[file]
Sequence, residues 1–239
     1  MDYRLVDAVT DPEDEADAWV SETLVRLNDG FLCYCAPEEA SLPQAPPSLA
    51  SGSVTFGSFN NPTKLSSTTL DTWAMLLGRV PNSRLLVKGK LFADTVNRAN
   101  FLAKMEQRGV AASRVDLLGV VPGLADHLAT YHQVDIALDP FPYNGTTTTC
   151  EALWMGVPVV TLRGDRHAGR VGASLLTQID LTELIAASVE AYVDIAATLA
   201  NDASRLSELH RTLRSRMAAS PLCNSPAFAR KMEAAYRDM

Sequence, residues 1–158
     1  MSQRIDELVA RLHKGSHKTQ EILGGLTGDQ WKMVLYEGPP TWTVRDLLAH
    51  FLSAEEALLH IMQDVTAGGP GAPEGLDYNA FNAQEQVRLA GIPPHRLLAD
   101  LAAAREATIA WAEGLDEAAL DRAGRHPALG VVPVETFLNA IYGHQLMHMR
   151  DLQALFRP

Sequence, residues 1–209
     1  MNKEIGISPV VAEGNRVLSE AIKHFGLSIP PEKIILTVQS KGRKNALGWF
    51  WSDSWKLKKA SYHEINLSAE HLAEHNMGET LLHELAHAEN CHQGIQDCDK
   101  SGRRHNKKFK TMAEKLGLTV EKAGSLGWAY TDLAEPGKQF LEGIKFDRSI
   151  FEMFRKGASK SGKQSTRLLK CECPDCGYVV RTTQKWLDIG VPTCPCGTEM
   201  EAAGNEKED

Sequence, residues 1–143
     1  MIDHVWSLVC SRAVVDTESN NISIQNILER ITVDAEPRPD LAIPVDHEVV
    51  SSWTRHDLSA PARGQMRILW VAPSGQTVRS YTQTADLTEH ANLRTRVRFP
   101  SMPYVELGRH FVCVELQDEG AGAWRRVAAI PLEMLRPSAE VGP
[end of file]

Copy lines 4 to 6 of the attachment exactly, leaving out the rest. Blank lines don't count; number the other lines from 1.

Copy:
   101  FLAKMEQRGV AASRVDLLGV VPGLADHLAT YHQVDIALDP FPYNGTTTTC
   151  EALWMGVPVV TLRGDRHAGR VGASLLTQID LTELIAASVE AYVDIAATLA
   201  NDASRLSELH RTLRSRMAAS PLCNSPAFAR KMEAAYRDM